When your child has a cough it is usually fair to assume that it is the result of an infection and in most cases you will be right. You would probably be very surprised if a childrens respiratory specialist told you that there is nothing physically wrong with your child. However, this could be exactly what happens if your child has developed a habit cough.

What is a Habit Cough?

Habit or psychogenic coughs are persistent coughs that don’t have a physical cause. The cough is usually a habit that has developed after an infection or another issue has caused the child to cough. The child simply keeps coughing after the initial cause has disappeared. Since the act of coughing can irritate the throat, this can be a self-reinforcing behaviour. Although there is usually no physical cause, it is important to realise that children aren’t coughing intentionally.

Recognising a Habit Cough

It is important to know when a cough is psychogenic as it could otherwise be confused with a condition like asthma. A misdiagnosis could result in the child taking unnecessary medication so it is a good idea to see a childrens respiratory specialist if a cough lasts more than a couple of weeks.

Signs of a habit cough include:

  • It usually appears after a respiratory infection that caused a cough along with other cold like symptoms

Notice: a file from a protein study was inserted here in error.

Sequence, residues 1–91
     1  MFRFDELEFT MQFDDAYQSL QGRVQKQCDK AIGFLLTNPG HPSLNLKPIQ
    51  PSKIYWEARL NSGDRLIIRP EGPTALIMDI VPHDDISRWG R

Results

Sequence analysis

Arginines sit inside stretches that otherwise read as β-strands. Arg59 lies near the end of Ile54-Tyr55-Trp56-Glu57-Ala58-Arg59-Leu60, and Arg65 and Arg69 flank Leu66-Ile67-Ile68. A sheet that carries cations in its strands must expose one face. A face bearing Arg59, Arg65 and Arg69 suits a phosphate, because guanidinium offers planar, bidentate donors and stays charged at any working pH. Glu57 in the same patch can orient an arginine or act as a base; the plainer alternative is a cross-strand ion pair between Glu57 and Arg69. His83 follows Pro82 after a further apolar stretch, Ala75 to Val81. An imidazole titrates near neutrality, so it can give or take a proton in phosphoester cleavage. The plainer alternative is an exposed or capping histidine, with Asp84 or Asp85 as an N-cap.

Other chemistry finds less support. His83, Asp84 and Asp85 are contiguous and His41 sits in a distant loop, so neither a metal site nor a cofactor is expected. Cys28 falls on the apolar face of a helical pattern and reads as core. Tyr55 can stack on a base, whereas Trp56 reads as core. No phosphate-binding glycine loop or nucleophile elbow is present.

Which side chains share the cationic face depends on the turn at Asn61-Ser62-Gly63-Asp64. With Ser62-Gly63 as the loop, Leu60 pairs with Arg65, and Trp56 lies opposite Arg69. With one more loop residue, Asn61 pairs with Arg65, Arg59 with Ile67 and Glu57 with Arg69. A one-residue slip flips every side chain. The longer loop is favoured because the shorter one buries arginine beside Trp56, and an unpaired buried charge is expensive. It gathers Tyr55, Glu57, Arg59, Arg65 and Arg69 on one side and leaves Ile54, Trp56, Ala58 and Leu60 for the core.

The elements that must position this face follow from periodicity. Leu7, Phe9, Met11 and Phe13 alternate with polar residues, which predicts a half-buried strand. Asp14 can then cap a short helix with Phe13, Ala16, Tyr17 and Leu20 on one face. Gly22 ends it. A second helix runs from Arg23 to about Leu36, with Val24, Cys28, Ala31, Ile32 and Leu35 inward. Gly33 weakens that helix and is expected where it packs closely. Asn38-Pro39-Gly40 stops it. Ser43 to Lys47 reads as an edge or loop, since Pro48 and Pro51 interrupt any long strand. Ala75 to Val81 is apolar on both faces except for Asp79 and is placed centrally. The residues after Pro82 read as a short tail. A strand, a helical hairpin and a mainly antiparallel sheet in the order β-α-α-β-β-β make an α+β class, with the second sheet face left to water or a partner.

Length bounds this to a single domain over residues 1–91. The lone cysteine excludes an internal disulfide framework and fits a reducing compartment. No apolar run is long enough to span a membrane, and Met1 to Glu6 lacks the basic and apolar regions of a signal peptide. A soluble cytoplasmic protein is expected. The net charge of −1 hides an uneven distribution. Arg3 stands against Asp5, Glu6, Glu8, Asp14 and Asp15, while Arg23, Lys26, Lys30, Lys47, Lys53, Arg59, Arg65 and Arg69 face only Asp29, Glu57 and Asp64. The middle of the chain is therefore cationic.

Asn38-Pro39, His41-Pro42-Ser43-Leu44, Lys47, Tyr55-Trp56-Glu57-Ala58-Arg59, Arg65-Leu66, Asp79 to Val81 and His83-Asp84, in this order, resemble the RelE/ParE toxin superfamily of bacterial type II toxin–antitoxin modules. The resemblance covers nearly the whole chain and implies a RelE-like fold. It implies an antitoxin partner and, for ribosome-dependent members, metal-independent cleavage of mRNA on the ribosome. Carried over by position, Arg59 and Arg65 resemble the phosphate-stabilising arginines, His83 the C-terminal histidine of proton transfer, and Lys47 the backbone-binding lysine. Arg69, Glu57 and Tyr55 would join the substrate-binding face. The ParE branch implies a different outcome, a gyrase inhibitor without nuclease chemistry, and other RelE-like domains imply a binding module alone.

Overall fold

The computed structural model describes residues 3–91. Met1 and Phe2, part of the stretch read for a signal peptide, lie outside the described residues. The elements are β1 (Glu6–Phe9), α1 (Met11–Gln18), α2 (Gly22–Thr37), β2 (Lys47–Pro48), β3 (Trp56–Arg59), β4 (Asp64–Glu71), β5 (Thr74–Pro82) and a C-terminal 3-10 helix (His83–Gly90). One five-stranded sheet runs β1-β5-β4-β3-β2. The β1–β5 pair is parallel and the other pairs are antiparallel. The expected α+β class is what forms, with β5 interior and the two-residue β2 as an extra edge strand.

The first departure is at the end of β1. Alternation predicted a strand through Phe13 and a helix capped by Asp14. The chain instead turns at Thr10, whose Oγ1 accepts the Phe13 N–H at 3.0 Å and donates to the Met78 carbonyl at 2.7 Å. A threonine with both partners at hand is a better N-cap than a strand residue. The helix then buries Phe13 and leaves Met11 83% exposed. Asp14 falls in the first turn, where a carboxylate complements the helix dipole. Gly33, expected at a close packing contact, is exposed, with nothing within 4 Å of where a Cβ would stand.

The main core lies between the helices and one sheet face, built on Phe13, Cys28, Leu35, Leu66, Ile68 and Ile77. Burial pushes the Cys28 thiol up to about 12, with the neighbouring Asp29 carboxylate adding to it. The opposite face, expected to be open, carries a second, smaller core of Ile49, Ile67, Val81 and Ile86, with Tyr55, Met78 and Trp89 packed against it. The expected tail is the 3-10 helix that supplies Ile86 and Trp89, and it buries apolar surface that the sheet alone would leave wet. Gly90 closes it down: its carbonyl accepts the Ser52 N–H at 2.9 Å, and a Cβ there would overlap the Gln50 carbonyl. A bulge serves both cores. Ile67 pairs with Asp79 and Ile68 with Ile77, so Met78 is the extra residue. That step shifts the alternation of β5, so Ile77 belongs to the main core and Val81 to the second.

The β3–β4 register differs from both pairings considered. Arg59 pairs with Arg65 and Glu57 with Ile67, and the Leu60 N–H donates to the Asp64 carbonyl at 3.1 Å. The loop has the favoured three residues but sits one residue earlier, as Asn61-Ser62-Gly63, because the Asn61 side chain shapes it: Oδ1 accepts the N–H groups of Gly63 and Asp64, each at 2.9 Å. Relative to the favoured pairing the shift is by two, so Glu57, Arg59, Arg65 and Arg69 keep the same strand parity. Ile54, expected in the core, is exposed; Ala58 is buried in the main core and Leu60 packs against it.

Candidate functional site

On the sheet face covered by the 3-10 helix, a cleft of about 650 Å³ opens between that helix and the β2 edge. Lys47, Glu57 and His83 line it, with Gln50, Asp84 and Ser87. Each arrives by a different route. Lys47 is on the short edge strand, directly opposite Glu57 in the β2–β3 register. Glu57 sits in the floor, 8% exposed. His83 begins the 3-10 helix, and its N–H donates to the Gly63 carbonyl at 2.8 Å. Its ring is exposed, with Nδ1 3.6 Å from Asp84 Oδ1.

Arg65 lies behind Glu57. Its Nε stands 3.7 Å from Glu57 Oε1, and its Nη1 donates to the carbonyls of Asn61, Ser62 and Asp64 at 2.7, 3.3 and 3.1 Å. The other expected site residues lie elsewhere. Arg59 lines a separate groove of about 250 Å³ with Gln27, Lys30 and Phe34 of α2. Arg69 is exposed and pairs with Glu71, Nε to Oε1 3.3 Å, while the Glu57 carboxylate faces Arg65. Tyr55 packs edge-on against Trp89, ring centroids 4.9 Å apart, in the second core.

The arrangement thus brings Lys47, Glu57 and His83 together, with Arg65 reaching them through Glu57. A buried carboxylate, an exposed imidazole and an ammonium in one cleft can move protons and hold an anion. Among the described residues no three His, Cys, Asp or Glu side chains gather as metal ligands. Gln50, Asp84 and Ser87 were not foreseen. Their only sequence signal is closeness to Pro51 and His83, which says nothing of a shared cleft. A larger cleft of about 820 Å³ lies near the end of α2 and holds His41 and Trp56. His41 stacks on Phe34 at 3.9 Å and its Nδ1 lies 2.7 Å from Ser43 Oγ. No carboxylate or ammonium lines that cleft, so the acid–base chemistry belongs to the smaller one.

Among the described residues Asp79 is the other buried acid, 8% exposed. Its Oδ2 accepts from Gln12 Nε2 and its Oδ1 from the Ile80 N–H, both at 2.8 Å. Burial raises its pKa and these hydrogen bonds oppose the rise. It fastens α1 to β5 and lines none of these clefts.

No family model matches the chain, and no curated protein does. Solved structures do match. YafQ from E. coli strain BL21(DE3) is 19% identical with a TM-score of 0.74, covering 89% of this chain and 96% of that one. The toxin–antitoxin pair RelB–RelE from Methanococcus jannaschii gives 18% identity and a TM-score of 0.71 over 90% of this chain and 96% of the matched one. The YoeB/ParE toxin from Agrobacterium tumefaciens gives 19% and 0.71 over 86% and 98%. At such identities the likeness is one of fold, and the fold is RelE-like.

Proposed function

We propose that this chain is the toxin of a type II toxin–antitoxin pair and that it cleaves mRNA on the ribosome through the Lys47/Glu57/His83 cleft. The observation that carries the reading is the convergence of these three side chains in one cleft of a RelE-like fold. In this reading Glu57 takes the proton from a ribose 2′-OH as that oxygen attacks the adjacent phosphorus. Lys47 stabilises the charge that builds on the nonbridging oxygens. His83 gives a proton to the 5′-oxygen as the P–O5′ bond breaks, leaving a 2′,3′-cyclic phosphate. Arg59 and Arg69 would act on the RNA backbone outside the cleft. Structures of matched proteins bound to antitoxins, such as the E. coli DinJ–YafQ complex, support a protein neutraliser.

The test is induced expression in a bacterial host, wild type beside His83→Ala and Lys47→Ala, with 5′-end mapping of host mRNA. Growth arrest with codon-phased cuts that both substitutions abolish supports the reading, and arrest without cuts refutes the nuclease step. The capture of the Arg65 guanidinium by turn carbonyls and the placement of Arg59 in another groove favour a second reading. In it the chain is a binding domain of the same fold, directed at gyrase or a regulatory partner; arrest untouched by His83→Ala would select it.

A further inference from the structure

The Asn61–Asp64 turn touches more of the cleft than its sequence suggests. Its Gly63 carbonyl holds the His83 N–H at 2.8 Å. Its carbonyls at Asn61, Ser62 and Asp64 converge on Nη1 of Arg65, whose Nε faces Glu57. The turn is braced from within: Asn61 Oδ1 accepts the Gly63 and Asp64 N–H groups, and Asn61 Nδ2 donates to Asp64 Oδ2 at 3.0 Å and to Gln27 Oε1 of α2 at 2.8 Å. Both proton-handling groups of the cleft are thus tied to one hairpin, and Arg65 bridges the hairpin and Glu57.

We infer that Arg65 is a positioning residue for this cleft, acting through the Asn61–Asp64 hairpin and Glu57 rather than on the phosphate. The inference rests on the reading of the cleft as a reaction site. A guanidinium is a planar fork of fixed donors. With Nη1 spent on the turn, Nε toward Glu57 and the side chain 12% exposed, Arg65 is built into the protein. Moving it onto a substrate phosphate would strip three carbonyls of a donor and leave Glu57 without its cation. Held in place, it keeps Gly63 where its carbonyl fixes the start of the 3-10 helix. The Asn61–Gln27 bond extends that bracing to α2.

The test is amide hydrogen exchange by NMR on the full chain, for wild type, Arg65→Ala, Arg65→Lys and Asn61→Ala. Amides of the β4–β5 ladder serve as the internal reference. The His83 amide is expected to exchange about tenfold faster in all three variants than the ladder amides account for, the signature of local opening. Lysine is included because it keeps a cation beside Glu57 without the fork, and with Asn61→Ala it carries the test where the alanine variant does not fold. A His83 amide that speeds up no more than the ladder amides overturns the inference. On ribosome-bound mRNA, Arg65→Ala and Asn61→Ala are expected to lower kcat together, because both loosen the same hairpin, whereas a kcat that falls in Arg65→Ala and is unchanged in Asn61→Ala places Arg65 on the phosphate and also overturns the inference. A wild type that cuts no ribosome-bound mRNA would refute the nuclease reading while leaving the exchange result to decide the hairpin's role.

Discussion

• Habit coughs usually sound quite harsh

  • No phlegm is being coughed up

  • There are no other symptoms of infection such as a fever or runny nose

  • Children tend to cough frequently, even as often as every few seconds

  • The cough disappears when the child is distracted or asleep and doesn’t get worse with exercise

  • Can be associated with stress or anxiety in some children

  • Habit coughs can last for weeks or even months

If your child has a persistent cough then it is a good idea to consult a childrens respiratory specialist even if you think it is a habit cough. The doctor will be able to rule out other causes such as asthma and advise you on the best way to manage psychogenic coughing. It is usually enough to talk to the child about why they are coughing and to encourage them to resist the urge for increasing amounts of time.

Professor Parviz Habibi Available At

The New Malden Diagnostic Centre

171 Clarence Avenue, Surrey, KT3 3TX

The Portland Hospital Out Patient Centre

205-209 Great Portland, Street London, W1W 5AH